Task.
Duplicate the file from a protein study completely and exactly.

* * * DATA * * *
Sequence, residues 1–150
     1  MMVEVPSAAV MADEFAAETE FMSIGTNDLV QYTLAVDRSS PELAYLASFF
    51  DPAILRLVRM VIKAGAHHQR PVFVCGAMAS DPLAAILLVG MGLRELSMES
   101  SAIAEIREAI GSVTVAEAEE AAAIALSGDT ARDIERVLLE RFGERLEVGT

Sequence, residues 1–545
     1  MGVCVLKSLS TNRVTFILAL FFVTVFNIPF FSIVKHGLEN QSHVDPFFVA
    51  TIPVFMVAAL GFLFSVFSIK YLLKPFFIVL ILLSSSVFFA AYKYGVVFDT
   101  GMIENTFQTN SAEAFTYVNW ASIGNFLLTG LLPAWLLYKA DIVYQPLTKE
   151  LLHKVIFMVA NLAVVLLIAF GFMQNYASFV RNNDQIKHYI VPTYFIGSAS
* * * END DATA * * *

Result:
Sequence, residues 1–150
     1  MMVEVPSAAV MADEFAAETE FMSIGTNDLV QYTLAVDRSS PELAYLASFF
    51  DPAILRLVRM VIKAGAHHQR PVFVCGAMAS DPLAAILLVG MGLRELSMES
   101  SAIAEIREAI GSVTVAEAEE AAAIALSGDT ARDIERVLLE RFGERLEVGT

Sequence, residues 1–545
     1  MGVCVLKSLS TNRVTFILAL FFVTVFNIPF FSIVKHGLEN QSHVDPFFVA
    51  TIPVFMVAAL GFLFSVFSIK YLLKPFFIVL ILLSSSVFFA AYKYGVVFDT
   101  GMIENTFQTN SAEAFTYVNW ASIGNFLLTG LLPAWLLYKA DIVYQPLTKE
   151  LLHKVIFMVA NLAVVLLIAF GFMQNYASFV RNNDQIKHYI VPTYFIGSAS